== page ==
Friday, September 12, 2008

Story of Billy Tytaneck one of the first Crohn's patients in the country to undergo Stem Cell Procedure

Less than a year ago, 25-year-old Billy Tytaneck felt as if he'd been backed into a corner.
The severe case of Crohn's disease he'd been battling for half his life was becoming impossible to live with. In April 2007, Mr. Tytaneck, at six-foot-one, was underweight by 20 to 60 pounds, weighing only 130 pounds.

Eating had become a chore to avoid, as he was wracked by poor digestion and constant stomach cramps compounded by terrible bouts of diarrhea that would send him to the bathroom more than 20 times a day, even interrupting his sleep.

"Even if I did eat, it would go right through me and I almost wanted to not eat, because when I did eat, that's when I got the stomach cramps and had to go to the bathroom."
These flare-up periods, which could last a month and struck twice a year, had not responded to medication. At times, Mr. Tytaneck was taking five different drugs at once.

He had run through all the medications designed to treat it, but could no longer keep the bowel disorder in check.

Racked by nearly continual cramps and diarrhea, the St. Catharines native was left facing the daunting prospect of radical surgery to remove much of his bowel.

But Tytaneck was determined to find another solution.
He learned of a stem-cell transplant procedure that had helped some Crohn's patients. The problem was the transplants were all performed in the United States.

Tytaneck, a student at the University of Ottawa at the time, turned his attention to The Ottawa Hospital and its blood and marrow transplant program. He pitched the idea of a stem-cell transplant to hematologist Dr. Harold Atkins, who had performed the procedure previously.
Billy Tytaneck has created a website to spread the word about autologous hematopoietic stem-cell transplants for patients with Crohn's on patients with other conditions, such as multiple sclerosis and lupus.

Atkins agreed to help Tytaneck last winter, making him one of the first Crohn's patients in the country to be treated with the stem-cell procedure.

"I'm much, much better -- easily 100-per-cent improved from what I was last year," Tytaneck said from his home in Collingwood.

"Emotionally, it was difficult to deal with because nobody had been through it before, so I didn't know what to expect."

The doctor who performed Tytaneck's transplant said the procedure carries high risks and should only be considered for patients with the most severe cases of the disease.

"It's not as simple as a blood transfusion," Atkins said in a phone interview from Ottawa.

"There's more to it than that and there are quite a bit of side effects to it."
Part of the procedure involves wiping out the patient's immune system --believed to be at the root of Crohn's disease --with high doses of chemotherapy and radiation therapy.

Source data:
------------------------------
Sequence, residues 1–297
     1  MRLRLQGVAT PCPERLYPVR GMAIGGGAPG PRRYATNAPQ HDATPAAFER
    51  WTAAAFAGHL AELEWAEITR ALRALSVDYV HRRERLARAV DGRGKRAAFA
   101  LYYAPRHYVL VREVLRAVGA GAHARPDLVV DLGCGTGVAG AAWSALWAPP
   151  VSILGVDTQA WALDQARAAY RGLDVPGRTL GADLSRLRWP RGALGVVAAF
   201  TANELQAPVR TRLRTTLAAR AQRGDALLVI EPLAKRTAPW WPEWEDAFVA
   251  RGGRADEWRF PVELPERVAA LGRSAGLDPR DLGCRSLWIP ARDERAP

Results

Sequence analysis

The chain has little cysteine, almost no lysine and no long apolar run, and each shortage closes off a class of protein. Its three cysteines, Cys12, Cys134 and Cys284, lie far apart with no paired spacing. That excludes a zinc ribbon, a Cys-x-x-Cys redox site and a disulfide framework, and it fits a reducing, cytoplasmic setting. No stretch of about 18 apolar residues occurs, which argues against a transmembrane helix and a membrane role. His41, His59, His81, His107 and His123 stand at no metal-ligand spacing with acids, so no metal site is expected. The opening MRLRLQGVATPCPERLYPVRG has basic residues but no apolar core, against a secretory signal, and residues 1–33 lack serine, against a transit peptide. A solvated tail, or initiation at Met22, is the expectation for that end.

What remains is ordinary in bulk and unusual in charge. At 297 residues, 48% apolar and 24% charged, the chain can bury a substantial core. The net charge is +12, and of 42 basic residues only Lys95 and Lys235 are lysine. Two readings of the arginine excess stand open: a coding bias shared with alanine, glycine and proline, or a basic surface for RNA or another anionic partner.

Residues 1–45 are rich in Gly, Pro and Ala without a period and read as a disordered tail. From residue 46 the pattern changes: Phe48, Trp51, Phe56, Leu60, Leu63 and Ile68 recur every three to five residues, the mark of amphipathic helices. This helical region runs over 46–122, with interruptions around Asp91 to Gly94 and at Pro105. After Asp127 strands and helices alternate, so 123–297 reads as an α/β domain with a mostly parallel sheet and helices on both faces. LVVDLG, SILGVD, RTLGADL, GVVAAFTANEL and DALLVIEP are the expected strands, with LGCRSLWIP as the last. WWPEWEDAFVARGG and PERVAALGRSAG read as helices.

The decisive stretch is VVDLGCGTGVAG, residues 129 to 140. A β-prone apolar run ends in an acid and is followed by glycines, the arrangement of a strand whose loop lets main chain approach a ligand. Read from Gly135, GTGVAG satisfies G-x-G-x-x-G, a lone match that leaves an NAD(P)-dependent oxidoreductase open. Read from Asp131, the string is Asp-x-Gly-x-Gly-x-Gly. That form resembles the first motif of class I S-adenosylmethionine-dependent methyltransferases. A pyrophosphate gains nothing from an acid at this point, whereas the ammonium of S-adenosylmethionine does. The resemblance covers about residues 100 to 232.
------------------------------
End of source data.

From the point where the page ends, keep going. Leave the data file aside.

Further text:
"That creates quite a few side-effects. The severity of the disease has to warrant using something that strong and that dangerous," Atkins said. Afterward, stem cells previously removed from the patient are infused back into the body to begin building a new immune system.

It takes about 12 months for the immune system to fully regenerate.
"After the first year or so ... the hope is these people won't need to be on other treatments," Atkins said. Five months after his transplant was completed, Tytaneck said his symptoms have diminished considerably.

He has also been able to whittle down the list of several daily medications he used to take to one.
"It's not perfect yet, but my symptoms are improving all the time," he said.
Atkins said more research is required to better understand the lasting impact of stem-cell transplants in the fight against Crohn's disease. Clinical studies are being carried out in the U. S. and Europe.

"The idea is that the Crohn's would essentially go away. The followup isn't long enough to say that would be for a year or two years or 10 years or forever," he said.

But for Tytaneck, the procedure has given him an enjoyment of life he hasn't experienced since he became ill about 12 years ago.

He recently began working as a mechanical engineer for a firm in Collingwood --a job that would have been difficult for him to do prior to the transplant.

"I can go out for a day and do anything without worrying about getting sick," he said.
"It's a huge difference. I enjoy everything so much more."

The procedure was carried out on an out patient basis over three months.
Tytaneck is hopeful raising awareness about the procedure will make transplants more common for other Crohn's patients.

"People don't even know it's an option. I want it to be an option for anyone who's facing surgery," he said.

1 comment:

Anonymous said...

Interesting article. We are located in Ottawa and it's nice to see some different kinds of treatments taking place. My husband isn't at the point he would consider something like's nice to know if things get ever worse there are OPTIONS out there even if we don't live in the states!

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